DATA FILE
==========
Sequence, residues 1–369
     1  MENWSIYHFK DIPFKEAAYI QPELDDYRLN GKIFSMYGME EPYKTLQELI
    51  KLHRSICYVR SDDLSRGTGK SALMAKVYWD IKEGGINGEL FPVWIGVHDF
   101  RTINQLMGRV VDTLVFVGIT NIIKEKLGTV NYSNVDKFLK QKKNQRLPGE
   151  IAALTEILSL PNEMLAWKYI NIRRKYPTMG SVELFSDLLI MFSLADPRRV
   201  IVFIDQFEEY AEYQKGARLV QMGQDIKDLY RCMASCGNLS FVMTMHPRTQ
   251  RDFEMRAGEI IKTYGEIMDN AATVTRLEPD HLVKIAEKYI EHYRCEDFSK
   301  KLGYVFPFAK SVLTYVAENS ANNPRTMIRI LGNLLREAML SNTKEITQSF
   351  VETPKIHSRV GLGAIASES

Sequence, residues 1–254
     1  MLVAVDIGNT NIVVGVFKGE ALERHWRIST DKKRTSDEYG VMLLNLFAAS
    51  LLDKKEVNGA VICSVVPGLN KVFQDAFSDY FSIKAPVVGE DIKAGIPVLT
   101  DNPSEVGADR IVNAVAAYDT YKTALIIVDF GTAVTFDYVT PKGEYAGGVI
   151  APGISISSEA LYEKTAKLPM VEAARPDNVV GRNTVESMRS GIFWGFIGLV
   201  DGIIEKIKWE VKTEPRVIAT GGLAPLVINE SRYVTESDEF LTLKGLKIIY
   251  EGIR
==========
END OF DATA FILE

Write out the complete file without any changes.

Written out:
Sequence, residues 1–369
     1  MENWSIYHFK DIPFKEAAYI QPELDDYRLN GKIFSMYGME EPYKTLQELI
    51  KLHRSICYVR SDDLSRGTGK SALMAKVYWD IKEGGINGEL FPVWIGVHDF
   101  RTINQLMGRV VDTLVFVGIT NIIKEKLGTV NYSNVDKFLK QKKNQRLPGE
   151  IAALTEILSL PNEMLAWKYI NIRRKYPTMG SVELFSDLLI MFSLADPRRV
   201  IVFIDQFEEY AEYQKGARLV QMGQDIKDLY RCMASCGNLS FVMTMHPRTQ
   251  RDFEMRAGEI IKTYGEIMDN AATVTRLEPD HLVKIAEKYI EHYRCEDFSK
   301  KLGYVFPFAK SVLTYVAENS ANNPRTMIRI LGNLLREAML SNTKEITQSF
   351  VETPKIHSRV GLGAIASES

Sequence, residues 1–254
     1  MLVAVDIGNT NIVVGVFKGE ALERHWRIST DKKRTSDEYG VMLLNLFAAS
    51  LLDKKEVNGA VICSVVPGLN KVFQDAFSDY FSIKAPVVGE DIKAGIPVLT
   101  DNPSEVGADR IVNAVAAYDT YKTALIIVDF GTAVTFDYVT PKGEYAGGVI
   151  APGISISSEA LYEKTAKLPM VEAARPDNVV GRNTVESMRS GIFWGFIGLV
   201  DGIIEKIKWE VKTEPRVIAT GGLAPLVINE SRYVTESDEF LTLKGLKIIY
   251  EGIR